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[50] admitting West Virginia, did not include these counties within its limits. In addition to this, and as evidence that Mr. Peirpoint was not sustained in his position even by the most extreme class of Unionists (so-called)1 in Virginia, it should be noted that the convention which met in Alexandria, on the 13th of February, 1864, consisting of, and representing, that class alone, entirely ignored his proclamation announcing the transfer of Berkeley and Jefferson to West Virginia, and recognized these counties in every possible manner as integral parts of the old State.

On the removal of the Alexandria government to Richmond, at the close of the war, the first General Assembly which met there, reconstituted and transformed by the addition of members from the the counties——an overwhelming majority——which had adhered to the Richmond authorities, lost no time in appealing to the people of West Virginia to co-operate with them in the ‘restoration of the ancient Commonwealth of Virginia, with all her people, and up to her former boundaries.’ Indeed, the effect of this infusion of new blood, the difference between a real and a mock representation of the people, had made itself sensibly felt at a still earlier period. Previous to the effort now made towards a complete reunion of the divided Commonwealth, the Assembly had passed resolutions declaring that the conditions prescribed in the several acts intended to give consent to the transfer of Berkeley and Jefferson had not been complied with; that, as the consent of Congress had not yet been given to the transfer, the proceedings being still inchoate, the State's consent might properly be withdrawn, and that it was thereby withdrawn.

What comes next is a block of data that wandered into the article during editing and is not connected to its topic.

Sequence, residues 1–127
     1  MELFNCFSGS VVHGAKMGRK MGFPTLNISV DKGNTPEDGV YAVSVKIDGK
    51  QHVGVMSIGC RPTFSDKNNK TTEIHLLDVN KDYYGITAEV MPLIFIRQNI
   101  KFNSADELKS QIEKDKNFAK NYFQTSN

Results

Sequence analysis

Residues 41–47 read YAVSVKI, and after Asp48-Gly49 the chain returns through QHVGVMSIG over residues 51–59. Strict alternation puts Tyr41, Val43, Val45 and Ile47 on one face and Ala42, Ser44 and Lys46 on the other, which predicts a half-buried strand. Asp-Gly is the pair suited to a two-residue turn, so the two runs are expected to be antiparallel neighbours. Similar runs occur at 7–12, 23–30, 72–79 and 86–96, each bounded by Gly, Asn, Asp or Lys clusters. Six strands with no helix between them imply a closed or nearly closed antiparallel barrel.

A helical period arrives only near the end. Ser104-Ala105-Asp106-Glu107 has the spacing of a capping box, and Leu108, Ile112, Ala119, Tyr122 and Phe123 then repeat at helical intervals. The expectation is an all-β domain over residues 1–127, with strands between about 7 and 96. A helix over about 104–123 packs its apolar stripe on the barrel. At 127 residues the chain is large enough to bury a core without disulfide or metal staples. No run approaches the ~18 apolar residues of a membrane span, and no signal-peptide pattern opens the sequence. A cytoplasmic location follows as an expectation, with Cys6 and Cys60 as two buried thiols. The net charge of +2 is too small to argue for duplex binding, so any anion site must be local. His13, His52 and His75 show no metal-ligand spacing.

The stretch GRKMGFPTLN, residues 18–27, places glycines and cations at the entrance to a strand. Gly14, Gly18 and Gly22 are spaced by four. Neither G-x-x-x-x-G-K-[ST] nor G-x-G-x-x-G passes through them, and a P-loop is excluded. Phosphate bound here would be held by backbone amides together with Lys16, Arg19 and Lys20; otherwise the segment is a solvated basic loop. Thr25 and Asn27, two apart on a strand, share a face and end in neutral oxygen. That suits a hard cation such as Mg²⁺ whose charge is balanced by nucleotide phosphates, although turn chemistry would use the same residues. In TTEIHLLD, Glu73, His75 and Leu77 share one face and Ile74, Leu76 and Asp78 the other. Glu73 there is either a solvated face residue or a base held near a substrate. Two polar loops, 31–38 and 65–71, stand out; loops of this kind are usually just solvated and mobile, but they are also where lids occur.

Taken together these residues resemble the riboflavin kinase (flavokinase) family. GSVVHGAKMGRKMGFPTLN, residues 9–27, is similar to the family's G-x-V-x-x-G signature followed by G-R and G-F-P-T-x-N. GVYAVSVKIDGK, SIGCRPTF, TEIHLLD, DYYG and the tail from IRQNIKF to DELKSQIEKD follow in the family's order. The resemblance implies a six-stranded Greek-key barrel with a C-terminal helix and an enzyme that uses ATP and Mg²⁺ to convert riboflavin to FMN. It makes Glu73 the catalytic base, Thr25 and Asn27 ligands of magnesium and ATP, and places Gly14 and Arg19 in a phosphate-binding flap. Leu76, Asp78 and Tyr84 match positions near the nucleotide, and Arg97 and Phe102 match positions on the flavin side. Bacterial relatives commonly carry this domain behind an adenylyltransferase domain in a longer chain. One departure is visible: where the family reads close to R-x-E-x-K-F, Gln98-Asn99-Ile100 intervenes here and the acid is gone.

In the teeth of these measures on the part of a body recognized by themselves as the lawful Legislature of Virginia—recognized, too, in the most solemn of all possible modes by inviting and accepting its ratification of an amendment to the Federal Constitution—the two Houses of Congress adopted a joint resolution consenting to the transfer of these counties to West Virginia.

To test the question of jurisdiction a suit was brought in 1867 by


1 With regard to this assumption of the name of ‘Unionists’ by those whose whole course tended constantly to the destruction of the real Union framed by the founders of the government, the following sentence from Mr. Calhoun's last great speech in the Senate will be found strikingly just and appropriate: ‘But surely, that can with no propriety of language be called a Union, when the only means by which the weaker is held connected with the stronger portion, is force.’

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